BOD Spotlight with Caroline A Gill

Welcome, Caroline Gill. I’m so excited to interview you and feature you on the BOD blog so that all of us can get to know you better. Thank you for joining us.

Really, I am so lucky to be a part of a group as loyal and strong as BOD. I want to thank you, Angie, for going out of your way to reschedule this interview three times as my editors realized I would have to cut the first 40 pages of the novel. There was a great deal of crying and rewrites as I tried to figure out how to follow their counsel. And my editing team was absolutely right. The book is better for the missing pages.

I always love hearing about authors’ writing journeys. Can you tell us how becoming an author came about for you?

When I was in high school, I read everything, as much as I could. I was raised on National Geographic, seeing the wonders of the wide world. Mostly, I wrote for school or I wrote in my journal. It wasn’t until my ten year HS reunion that it really hit me. My high school English teacher was there, asked me what I was doing, how many books I had published. When I said none, he got terribly upset. To see someone feel so passionately about something made me take a step back and wonder what I had misplaced. After all those years, he still had faith in my writing. So at first, I got out my keyboard and wrote for him.

I have so enjoyed reading Flying Away. Never have I read such a magical, fantastical dystopian story. Where did the idea come from?

I think writing a book is the same as drawing a picture, it begins with one stroke across a blank page. I had a dream of a little girl, staring out of a high window, perched almost like a sparrow up in a tree. Her big eyes staring intently down to the street corner, waiting for her father to come home. She was ferocious in her determination to be there when he came back home. And I could see, that within hours of her taking up that look out, the flies would ignore her intrusion as they danced on the windowsill.

I love Lani’s physical/spiritual connection with flies, other winged insects, and nature in general. I’d really love to know, why choose flies to be Lani’s helpers?

In fiction, I feel like magic is seen as this rare force, found in only the most special of objects, or to the most powerful characters, by birth or talent. Iolani waits. She listens and watches for her father with the stubbornness only a child can muster. And because of that, she sees the ordinary outside her window and there, on the windowsill. And because of her confidence and stillness, the flies see her. Magic for me is found in the ordinary. Anything can become magical if it is loved.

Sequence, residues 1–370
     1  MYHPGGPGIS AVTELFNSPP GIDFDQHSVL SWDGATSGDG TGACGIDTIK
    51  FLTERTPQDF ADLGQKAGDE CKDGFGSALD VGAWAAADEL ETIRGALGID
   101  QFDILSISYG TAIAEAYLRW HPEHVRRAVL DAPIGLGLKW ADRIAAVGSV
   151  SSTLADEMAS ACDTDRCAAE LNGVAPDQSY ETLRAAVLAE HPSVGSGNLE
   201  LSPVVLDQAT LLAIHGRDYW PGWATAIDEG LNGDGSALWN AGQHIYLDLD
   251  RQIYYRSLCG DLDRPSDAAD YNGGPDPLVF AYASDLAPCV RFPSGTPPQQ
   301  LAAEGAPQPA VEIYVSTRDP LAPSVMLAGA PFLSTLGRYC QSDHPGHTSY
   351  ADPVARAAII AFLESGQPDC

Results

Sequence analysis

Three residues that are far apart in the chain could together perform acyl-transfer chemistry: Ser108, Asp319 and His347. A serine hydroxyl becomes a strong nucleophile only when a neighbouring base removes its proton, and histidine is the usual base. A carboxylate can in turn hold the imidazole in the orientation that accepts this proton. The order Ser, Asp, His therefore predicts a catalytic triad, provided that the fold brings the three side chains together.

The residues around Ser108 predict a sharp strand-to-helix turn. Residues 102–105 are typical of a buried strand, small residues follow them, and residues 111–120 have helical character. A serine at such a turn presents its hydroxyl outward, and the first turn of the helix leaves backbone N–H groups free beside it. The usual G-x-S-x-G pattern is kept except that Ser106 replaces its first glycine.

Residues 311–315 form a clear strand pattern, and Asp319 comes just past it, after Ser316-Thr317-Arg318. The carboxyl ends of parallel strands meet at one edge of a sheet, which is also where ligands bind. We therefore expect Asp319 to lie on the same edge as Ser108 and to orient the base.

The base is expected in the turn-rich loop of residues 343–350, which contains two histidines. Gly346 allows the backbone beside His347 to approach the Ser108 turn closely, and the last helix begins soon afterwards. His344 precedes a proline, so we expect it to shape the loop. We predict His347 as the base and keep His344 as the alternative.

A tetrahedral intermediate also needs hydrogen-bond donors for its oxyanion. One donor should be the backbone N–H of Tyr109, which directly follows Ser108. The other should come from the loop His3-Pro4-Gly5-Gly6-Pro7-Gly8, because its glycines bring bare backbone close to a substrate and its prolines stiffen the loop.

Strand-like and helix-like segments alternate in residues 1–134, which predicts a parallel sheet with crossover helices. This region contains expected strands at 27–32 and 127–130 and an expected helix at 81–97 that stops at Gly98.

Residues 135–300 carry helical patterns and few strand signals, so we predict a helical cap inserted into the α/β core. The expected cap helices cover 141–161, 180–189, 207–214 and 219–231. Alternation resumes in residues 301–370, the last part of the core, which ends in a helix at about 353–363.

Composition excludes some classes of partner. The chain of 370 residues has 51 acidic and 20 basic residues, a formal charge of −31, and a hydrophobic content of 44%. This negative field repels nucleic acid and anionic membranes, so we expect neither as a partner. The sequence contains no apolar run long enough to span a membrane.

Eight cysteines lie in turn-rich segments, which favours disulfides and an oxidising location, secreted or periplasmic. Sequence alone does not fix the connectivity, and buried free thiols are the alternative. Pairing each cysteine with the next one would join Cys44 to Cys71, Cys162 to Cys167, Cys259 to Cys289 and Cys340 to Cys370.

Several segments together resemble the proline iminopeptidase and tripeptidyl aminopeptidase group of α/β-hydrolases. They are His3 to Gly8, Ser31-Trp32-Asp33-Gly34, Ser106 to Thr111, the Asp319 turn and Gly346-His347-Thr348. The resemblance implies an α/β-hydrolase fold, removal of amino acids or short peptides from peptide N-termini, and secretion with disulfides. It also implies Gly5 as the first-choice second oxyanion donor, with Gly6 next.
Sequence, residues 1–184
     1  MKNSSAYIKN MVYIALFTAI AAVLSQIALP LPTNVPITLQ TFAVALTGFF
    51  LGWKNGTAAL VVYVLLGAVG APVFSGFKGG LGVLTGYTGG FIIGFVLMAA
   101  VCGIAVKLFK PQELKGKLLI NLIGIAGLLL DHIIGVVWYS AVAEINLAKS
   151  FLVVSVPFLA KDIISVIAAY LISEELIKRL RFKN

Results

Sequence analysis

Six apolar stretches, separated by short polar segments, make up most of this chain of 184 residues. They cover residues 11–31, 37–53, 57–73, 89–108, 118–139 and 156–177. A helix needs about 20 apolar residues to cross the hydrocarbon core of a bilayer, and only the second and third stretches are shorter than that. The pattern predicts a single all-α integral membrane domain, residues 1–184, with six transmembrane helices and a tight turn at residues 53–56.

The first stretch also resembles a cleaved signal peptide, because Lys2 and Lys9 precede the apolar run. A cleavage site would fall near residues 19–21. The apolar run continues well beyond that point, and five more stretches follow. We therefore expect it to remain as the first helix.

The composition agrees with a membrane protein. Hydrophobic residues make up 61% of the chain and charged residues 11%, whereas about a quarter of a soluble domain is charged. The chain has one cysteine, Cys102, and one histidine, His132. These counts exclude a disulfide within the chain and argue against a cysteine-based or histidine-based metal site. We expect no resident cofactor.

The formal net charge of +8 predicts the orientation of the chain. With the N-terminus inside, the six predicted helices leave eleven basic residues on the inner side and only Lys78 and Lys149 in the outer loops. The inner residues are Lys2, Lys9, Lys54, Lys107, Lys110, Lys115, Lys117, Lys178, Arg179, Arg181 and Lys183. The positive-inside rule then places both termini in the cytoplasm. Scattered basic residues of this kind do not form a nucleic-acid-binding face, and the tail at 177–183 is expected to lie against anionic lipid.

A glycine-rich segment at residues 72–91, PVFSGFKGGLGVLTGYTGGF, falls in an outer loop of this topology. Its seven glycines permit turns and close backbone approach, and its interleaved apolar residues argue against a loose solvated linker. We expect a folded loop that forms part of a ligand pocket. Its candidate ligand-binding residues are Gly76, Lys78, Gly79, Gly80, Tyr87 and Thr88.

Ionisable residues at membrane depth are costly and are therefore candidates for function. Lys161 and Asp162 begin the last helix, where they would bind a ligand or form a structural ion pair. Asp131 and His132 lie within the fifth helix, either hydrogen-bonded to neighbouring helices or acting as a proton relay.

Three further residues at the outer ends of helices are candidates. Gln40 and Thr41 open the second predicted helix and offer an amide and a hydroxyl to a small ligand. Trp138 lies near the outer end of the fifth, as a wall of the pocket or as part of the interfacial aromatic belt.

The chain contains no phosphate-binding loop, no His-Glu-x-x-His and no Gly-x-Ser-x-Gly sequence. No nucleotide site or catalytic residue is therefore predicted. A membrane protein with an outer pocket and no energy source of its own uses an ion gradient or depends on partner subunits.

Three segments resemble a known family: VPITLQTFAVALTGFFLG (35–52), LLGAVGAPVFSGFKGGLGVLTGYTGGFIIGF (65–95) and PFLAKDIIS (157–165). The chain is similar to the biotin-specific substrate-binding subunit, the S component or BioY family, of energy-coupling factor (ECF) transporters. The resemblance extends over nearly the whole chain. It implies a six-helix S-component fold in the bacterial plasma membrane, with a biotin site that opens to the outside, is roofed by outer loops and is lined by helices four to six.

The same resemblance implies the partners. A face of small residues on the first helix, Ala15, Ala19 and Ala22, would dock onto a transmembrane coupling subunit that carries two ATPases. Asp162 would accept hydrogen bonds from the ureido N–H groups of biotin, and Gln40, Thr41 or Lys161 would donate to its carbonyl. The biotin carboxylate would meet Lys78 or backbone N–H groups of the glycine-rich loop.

The cover art on and in Flying Away is so beautiful. Please share with us all about how you became an artist and what it means for you to be able to draw such beautiful images.

You are so kind. I have always drawn, with just as much skill as every other kid in my grade I think. I really pursued drawing in college, trying to show the beauty in every detail of a wrinkled face, or the feathers of an eagle’s wing. I did not myself know what Lani looked like, until she bloomed into being under my hand. I started the drawing, but she formed herself. It means so much to me to be able to share the images in my imagination. I am constantly surprised by what emerges.

As a new indie author, what has your journey been like getting Flying Away ready for publication? Who helped you along the journey?

I wrote Flying Away as a Nanowrimo novel in November of 2014. After my chapter was accepted for Prep for Doom, I began working with Your Elemental Solutions to make the book shine. They, along with Cheer, helped over and over to refine my odd story. I had initially had time jumps and chaos, they managed to smooth that out. Myra Lang, Casey Bond, and Amy Bartelloni were incredibly helpful as well, reading and cheering me on, even when the list of things to do overwhelmed me.